Monday, 23 January 2017

Two-Week Mukono Homestays

A unique and special part of the USP semester is the Mukono homestay experience. Living with a Ugandan family is one of the most enriching and valuable parts of cultural immersion. All of our 18 'On-Campus' students (those who have chosen to live in dorms for the semester) live with a family in Mukono for two weeks. They’re currently halfway through their homestays and so far they’ve had a lot of great stories and photos to share.

Getting ready to be dropped off with their new families!

Ugandans are known for their incredible hospitality, which is evident in the way they welcome their
 new sons and daughters with big hugs and warm smiles.

Lauren Kenley meeting her Mama Margaret!
Students learn through participating in the daily life of their family; helping prepare meals and washing dishes, joining in as family members clean the house, feeding the chickens, making fresh fruit juice etc. They also spend time relaxing and having fun with their family, drinking tea, watching TV or having Bible studies and playing with little brothers and sisters. Some students may even have the opportunity to attend special occasions or events with their families, such as Ugandan parties, introduction (engagement) ceremonies and weddings. 

Lauren Wilkes with her new sisters!

During their homestays, students walk from their homes to campus and back every day, which adds to their experience as a local university student. Often times there are many neighborhood children eagerly waiting for them to walk by so they can greet them. Being called “Muzungu!!” by excited children becomes a familiar part of the routine, as is arriving home after a long day and taking evening tea with whoever is around.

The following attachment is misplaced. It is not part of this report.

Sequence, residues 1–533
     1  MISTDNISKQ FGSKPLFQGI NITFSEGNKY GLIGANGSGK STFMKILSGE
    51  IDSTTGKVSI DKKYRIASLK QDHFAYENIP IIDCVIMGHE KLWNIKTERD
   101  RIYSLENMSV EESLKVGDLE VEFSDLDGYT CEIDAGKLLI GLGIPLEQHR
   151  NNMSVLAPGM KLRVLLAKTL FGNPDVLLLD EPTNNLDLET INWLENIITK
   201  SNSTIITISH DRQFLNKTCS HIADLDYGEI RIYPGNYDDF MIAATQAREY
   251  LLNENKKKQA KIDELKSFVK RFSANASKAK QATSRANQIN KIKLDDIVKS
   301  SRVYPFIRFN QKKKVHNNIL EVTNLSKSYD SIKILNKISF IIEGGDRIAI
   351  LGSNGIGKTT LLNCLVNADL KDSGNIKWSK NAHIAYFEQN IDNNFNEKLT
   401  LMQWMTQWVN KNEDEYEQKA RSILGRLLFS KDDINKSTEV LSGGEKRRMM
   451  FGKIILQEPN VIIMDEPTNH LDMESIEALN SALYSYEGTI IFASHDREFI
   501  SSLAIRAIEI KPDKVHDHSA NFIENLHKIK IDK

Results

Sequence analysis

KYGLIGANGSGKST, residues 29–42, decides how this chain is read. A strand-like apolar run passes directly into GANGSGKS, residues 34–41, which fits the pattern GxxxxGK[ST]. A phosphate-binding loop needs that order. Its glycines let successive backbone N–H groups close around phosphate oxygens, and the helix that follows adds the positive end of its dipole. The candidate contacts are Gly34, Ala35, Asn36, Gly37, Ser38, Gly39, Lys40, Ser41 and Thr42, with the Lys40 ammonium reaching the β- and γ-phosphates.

Jenna Gibbons with her mama Aida!

The homestay experience can be challenging at times, but stepping outside of what is comfortable and known is often when we grow the most, gaining new perspectives and insights. 

What some students are saying about their homestays...

“I’ve loved getting to know my host family. They’ve accepted me as one of their own by calling me ‘baby girl’ and serving me copious amounts of food.” - Paige Schaefer

“Every night my family comes together to read scripture, pray and sing Luganda worship songs. They truly work so hard in making sure I feel a part of the family.” - Delaina peek

“One evening when I got home from a long day of internship, I was met with a big hug from my 13-year-old host sister. This is a perfect description of how warmly I’ve been welcomed by my host family.” - Maya Rowland

“One of my favorite parts of my homestay is walking down the hill to my house and seeing my two younger siblings running up the hill to eagerly greet me after a long day of school or internship. It’s been so amazing getting to develop relationships with my host parents and eight siblings.” - Julia Stanch 

Rebecca Carswell with her host mama and sisters!

Before they know it, they’ll each have a 'home away from home' here in Mukono where they can return throughout the semester!

Sunday, 15 January 2017

Hello, Spring 2017!

USP Spring 2017 (and our three Program Assistants)
Every semester brings us a unique combination of students from various schools, academic disciplines and interests, giving each group its own distinct flavor. This semester we have 18 students from 11 different schools in the US: Messiah College, Bethel University, Calvin College, Waynesburg University, Anderson University, Wheaton College, Dordt College, Liberty University, Olivet Nazarene University, Southeastern University, and Cornerstone University. We have 12 students in our Social Work Emphasis (SWE), eight of whom are seniors and four juniors. We have three General Students (GSE) students and three Global Health (GHE) students. All of our students this semester have chosen to live on campus in the dorms, so will be focused on getting to know their UCU roommates/ hall mates, as well as exploring various ways to get involved on campus.

With one full week of classes and practicums under their belts, students are settling in to their two-week homestays in Mukono this weekend, getting to know their Mukono families and learning what daily life is all about for many urban/suburban Ugandan families.

A few fun snapshots from Orientation:
Rachel, Alex, Julia, Paige and Nate arriving at Entebbe Airport

Program Assistant, Benji, teaching the students how to wash their laundry by hand,